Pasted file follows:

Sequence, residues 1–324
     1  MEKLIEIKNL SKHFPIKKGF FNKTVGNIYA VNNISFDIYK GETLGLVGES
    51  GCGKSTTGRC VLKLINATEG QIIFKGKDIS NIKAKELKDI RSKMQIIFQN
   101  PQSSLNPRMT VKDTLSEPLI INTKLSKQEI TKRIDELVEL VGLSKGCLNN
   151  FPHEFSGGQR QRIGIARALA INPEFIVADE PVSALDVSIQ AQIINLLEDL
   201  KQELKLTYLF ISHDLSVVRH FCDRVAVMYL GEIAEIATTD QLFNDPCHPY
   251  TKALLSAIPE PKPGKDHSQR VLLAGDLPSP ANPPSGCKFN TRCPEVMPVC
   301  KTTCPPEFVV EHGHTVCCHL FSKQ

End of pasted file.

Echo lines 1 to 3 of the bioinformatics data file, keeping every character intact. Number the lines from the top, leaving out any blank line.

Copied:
Sequence, residues 1–324
     1  MEKLIEIKNL SKHFPIKKGF FNKTVGNIYA VNNISFDIYK GETLGLVGES
    51  GCGKSTTGRC VLKLINATEG QIIFKGKDIS NIKAKELKDI RSKMQIIFQN